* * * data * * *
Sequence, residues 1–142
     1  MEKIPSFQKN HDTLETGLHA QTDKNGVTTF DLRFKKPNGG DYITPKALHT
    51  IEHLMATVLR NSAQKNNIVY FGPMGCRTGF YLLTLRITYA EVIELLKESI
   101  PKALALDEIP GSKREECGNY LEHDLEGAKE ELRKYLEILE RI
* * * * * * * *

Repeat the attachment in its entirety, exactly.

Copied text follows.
Sequence, residues 1–142
     1  MEKIPSFQKN HDTLETGLHA QTDKNGVTTF DLRFKKPNGG DYITPKALHT
    51  IEHLMATVLR NSAQKNNIVY FGPMGCRTGF YLLTLRITYA EVIELLKESI
   101  PKALALDEIP GSKREECGNY LEHDLEGAKE ELRKYLEILE RI